Did this really need to be an Al-Qadim adventure? Well, probably not, strictly speaking, much as i love the setting - it could have fitted somewhere more generic, and to be really Al-Qadimy I should have put a genie in there somewhere. But the zaratan is originally an Al-Qadim monster, and parrots fit well in a corsair island story, and the whole theme of the evils of defying Fate and the demon being tricksy with words is all very Al-Qadimy so i decided to go with it. There was originally another wrinkle in there, where the PCs were offered accomodation at Ruqayah's house (in her missing daughters' bedrooms) while they were in Qalat, which meant that later on when they discovered her true identity they'd be stuck in a dilemma given that killing their host is a flagrant violation of the Al-Qadim principle of hospitality. But that didn't survive the wordcount cull.
But at least, in the final round of the competition on a 99% D&D board, i finally actually wrote a D&D adventure, so that counts for something right?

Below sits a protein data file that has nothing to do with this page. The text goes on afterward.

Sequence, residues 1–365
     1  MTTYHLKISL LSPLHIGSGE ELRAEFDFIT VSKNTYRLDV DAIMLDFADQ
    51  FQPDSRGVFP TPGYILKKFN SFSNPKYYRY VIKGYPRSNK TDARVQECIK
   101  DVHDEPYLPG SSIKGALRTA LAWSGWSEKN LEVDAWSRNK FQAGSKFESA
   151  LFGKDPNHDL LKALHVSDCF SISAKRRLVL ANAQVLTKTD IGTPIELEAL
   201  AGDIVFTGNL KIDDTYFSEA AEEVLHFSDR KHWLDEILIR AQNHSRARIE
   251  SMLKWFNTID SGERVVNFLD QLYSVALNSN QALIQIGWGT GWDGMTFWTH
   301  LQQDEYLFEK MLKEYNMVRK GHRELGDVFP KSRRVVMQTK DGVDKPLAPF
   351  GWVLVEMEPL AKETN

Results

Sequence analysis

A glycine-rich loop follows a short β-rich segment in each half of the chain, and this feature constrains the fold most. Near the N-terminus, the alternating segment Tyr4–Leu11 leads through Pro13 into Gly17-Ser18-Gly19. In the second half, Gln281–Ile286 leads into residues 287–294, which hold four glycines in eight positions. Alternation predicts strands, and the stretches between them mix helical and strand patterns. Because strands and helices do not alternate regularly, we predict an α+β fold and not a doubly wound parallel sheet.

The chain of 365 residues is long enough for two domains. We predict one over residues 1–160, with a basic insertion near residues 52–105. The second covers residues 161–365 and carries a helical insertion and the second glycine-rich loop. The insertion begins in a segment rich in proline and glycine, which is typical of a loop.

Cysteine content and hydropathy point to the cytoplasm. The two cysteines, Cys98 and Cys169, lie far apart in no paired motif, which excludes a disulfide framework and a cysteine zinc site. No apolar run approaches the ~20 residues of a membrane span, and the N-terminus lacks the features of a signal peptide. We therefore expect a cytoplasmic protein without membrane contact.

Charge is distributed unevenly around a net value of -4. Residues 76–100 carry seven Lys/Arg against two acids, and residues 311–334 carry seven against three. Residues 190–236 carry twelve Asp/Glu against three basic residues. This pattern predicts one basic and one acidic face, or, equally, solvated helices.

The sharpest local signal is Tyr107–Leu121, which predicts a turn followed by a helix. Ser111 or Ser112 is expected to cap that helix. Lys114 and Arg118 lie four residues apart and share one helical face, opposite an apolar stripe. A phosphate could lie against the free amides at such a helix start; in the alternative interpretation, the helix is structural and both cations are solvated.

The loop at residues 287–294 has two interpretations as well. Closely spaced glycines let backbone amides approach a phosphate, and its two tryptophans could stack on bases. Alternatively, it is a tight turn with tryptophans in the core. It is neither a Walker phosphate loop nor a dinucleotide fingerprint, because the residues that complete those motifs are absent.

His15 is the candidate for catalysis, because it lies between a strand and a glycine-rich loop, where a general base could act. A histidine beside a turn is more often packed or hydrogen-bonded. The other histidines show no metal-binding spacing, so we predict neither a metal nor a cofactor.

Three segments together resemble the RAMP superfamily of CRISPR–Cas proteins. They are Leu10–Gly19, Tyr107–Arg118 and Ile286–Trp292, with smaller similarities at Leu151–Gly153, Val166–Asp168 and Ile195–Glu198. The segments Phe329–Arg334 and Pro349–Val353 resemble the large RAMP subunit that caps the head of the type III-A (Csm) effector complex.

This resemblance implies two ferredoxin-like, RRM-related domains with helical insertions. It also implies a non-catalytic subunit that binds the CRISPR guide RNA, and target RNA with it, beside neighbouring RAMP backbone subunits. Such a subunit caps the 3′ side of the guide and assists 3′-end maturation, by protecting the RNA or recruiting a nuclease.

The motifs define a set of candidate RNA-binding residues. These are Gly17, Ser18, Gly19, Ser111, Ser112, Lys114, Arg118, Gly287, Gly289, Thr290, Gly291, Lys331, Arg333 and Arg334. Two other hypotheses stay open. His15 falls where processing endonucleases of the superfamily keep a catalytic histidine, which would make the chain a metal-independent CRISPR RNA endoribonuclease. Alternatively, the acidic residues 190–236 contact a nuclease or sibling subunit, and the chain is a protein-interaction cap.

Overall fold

I love the 90's Y2K setting of Paradox. The adventure is especially detailed in its hooks, characters and setting. There are even small side quests before the players reach the final act. I also adore how a stuffed animal or a fancy jacket are quest awards. It has a delightful upbeat mood that indeed feels like the 90s. Several of the ingredients are minor elements in side quests however. I fear the judges may dock some points for that.
Grandmother on the other hand is a lot darker, but it is very original in how it works the ingredients into the plot. The pregnancy bit is a bit wordy, but then again, it is the central conflict of the adventure. There even is a big boss battle at the end, and plotwise I love the idea of stopping time to prevents a child birth, and the bargain with the turtle demon.
The use of Turtles all the way Down is a bit iffy in both entries imo. But it is a very bizarre ingredient. I feel since Grandmother is all about a deal with a demon turtle and Usmahs three turtle reincarnations, its use of the ingredient is a lot stronger.
I think these adventures are pretty much tied for me, but maybe my current state of mind desires a light hearted 90s pulp adventure. The hooks are also so strong and well defined, and I really like the characters.
The first word in the second paragraph in my entry should be "The" and not "They". ("The story exists...")
I meticulously went through every word before posting, and somehow I still screwed it up and wound up posting my second-to-last draft. There's not much I changed at all, but it I definitely fixed that typo. I hope there's not anything else glaringly off. Oh, well!
Judgement for Final Match: FitzTheRuke vs. humble minion